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    pacoblasco Naval Architect

    Thank you.
    I know it can be used in general applications, and I see in the brochures (also in the web) they are using it to build boat hulls.
    If we can do we can save some time, but I am not sure.
    Maybe I should contact the manufacturer to know if the material fulfill the ISO or classification society rules for hulls.
    Somebody told me they are using it in Beneteau boatbuilder (France), and this makes me think that it is approved, at least, for CE boats.
     
  7. marshmat
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    marshmat Senior Member

    Dangerous premises to go on, pacoblasco.
    There are several common errors you should be aware of when it comes to new materials:
    (a) Trusting the manufacturer's claims
    (b) Believing in "if it's not banned by the classification society, it's OK"
    (c) Not doing a full engineering analysis on it
    Do you know its shear modulus? How about compressive strength? Shear strength after 5,000,000 cycles? Porosity? Strength after immersion in water?
    If you don't know actual, tested numbers for parameters like that.... then it's worth its weight in garbage.
    Any time a new material is introduced, you MUST DO A FULL ENGINEERING ANALYSIS!
    Imagine getting sued by the family of someone who died because their boat broke up. The lawyer asks about the engineering analysis on the hull. You say 'well, the supplier said it would work'. Guess what comes next.
    Bottom line: Do the lab tests, do the durability tests, do the engineering analysis. Then, and only then, are you in a position to make the decision.
     
  8. Herman
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    Herman Senior Member

    I do not know exactly what or how Beneteau is using spray putty, but there is a fair chance that they use a barriercoat. (ITW Spraycore 3500 for example).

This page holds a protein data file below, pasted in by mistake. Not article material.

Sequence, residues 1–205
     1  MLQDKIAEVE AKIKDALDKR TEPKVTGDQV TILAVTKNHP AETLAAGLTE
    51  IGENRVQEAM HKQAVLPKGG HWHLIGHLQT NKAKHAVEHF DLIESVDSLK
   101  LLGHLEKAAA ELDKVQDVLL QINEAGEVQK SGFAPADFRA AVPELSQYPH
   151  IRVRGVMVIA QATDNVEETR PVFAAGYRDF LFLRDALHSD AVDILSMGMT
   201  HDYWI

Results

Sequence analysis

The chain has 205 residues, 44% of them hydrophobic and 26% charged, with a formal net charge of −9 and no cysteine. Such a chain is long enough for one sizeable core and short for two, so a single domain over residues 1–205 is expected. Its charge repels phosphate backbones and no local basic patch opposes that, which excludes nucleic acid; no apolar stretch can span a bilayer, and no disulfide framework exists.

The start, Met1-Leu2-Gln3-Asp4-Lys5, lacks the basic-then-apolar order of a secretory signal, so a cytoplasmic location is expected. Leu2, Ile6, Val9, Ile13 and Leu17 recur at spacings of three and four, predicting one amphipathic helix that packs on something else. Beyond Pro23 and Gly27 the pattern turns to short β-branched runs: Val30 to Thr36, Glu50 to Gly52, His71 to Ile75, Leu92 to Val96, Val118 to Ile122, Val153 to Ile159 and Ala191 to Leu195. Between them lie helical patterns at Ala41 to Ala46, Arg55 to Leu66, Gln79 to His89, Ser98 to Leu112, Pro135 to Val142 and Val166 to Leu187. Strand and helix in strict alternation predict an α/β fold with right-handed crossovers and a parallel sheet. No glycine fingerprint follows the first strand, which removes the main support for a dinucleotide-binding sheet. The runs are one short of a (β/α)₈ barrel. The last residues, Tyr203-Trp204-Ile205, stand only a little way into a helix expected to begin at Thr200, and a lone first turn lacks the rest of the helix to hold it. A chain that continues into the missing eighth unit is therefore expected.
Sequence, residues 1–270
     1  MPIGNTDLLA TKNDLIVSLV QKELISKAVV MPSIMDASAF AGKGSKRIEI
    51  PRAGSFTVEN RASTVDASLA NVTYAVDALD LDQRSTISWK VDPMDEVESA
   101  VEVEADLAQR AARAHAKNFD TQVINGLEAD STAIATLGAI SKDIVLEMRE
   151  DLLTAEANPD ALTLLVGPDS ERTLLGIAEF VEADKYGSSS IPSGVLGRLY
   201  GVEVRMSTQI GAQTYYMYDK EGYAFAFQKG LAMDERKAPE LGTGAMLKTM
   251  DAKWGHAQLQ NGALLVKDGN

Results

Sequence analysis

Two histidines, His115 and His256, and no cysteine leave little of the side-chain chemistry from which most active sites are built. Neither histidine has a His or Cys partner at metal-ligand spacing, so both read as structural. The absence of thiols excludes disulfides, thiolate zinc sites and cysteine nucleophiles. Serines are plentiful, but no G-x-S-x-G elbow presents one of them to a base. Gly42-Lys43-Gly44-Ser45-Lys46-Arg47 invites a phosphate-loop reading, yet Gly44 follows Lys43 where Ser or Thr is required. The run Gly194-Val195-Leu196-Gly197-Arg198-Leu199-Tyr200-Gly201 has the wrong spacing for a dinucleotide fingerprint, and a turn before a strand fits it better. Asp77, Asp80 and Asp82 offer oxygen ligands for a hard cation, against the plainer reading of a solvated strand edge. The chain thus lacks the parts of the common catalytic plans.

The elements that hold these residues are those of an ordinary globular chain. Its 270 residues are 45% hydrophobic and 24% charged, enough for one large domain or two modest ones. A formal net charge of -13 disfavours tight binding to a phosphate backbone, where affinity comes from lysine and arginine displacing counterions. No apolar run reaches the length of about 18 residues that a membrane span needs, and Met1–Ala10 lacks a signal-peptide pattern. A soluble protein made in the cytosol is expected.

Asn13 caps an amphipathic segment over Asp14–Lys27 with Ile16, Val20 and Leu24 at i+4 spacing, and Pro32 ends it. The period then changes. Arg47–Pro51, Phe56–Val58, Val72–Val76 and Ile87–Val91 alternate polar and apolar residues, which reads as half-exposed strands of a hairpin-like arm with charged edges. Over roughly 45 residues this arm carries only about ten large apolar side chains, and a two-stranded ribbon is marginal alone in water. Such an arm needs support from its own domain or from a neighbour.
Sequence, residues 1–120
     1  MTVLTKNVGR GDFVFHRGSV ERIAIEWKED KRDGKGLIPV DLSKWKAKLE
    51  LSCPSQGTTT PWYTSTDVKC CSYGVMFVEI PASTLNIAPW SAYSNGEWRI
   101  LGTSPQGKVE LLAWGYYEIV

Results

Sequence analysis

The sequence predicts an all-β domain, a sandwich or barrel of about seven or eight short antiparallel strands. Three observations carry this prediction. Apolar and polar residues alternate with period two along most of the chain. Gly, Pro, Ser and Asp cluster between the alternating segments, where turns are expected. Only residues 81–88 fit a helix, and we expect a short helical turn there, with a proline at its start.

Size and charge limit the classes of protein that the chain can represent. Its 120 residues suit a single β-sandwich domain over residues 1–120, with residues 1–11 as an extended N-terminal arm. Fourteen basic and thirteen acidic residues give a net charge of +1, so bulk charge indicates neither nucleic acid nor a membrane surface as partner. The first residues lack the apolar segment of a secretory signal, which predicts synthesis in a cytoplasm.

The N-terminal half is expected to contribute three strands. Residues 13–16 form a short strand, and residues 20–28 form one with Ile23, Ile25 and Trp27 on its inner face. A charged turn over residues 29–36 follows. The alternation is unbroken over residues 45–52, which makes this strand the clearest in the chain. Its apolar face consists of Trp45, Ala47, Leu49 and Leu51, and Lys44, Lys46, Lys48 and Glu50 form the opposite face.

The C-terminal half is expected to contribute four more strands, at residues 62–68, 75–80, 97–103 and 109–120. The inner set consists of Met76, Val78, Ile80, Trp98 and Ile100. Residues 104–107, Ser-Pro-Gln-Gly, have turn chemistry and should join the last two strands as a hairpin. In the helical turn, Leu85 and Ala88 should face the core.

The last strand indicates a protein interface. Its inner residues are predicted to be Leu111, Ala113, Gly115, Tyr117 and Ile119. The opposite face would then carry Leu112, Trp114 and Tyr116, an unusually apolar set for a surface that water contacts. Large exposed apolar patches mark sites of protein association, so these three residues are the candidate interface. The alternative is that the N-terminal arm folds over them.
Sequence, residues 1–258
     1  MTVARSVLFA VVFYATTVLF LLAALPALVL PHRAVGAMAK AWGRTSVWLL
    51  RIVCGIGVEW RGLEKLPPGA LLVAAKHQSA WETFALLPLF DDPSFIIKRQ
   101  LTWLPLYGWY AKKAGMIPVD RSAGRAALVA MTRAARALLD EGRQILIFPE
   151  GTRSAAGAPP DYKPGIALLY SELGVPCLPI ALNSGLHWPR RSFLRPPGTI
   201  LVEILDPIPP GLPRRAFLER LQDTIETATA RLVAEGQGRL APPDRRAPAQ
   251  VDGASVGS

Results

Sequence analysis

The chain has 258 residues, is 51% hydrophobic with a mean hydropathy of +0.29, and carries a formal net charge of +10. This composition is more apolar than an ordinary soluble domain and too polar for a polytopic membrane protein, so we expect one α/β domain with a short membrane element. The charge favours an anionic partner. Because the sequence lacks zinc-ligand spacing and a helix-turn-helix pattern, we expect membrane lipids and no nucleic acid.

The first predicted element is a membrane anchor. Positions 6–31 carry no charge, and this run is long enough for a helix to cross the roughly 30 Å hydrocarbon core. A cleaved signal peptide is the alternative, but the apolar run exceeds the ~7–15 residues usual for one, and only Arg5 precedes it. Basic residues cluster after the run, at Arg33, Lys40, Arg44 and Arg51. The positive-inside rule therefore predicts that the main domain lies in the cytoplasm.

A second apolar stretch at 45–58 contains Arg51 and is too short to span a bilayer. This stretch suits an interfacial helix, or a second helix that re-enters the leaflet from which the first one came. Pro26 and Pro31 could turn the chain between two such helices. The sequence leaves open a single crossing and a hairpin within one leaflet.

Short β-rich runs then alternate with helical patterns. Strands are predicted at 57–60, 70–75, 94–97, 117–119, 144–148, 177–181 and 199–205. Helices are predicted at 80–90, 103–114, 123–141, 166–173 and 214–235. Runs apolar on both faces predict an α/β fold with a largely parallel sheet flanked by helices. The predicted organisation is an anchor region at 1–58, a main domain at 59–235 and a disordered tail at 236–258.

This material is sprayed in a thin layer behind the gelcoat, and greatly improves osmosis resistance and print through. In that scenario, it is NOT a structural material, and a full strength laminate needs to be behind it.

    I professionally test laminates for osmosis, and I must say that ITW Spraycore does a vey good job. Also print through is greatly reduced. On METS 2006 we had a panel on show with a glass-like finish, even after postcuring at 80 degrees C.
     
  9. marshmat
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    marshmat Senior Member

    Herman, there appear to be two different materials being discussed here.... the ITW stuff you describe in post # 8, and the Euromere FSP material mentioned in the first post. The barrier coats you describe can indeed be very valuable; improving osmosis resistance can be a valuable tool in extending the life of a hull. The Euromere FSP stuff, though, is described on their website as taking the place of a core, being sprayed up to an inch thick. This is what I have been referring to as a Very Bad Idea.
     
  10. Man Overboard
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    Man Overboard Tom Fugate

    I checked out the ITW Spraycore website. They claim to have a rot resistant product that can be used as a barrier coat. Has anybody used this product for that application? If so how well does it flow out? For instance do you still have to apply fairing compound before final gelcoat? Do you think it would be a suitable product to use over strip plank method to reduce print through of strips that sometimes occurs over time?

    Claims from website:
    Superior and cost effective wood (plywood and balsa wood) replacement, with excellet screw holding capabilities. SprayCore Wood Replacement will never rot.
    SprayCore 4000 was recognized for excellence by the National Marine Manufacturers Association (NMMA) winning an innovation award for its multi-functional features.
     

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  11. Herman
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    Herman Senior Member

    We have only experience in female molds (yet). When spray applied, the surface is smooth.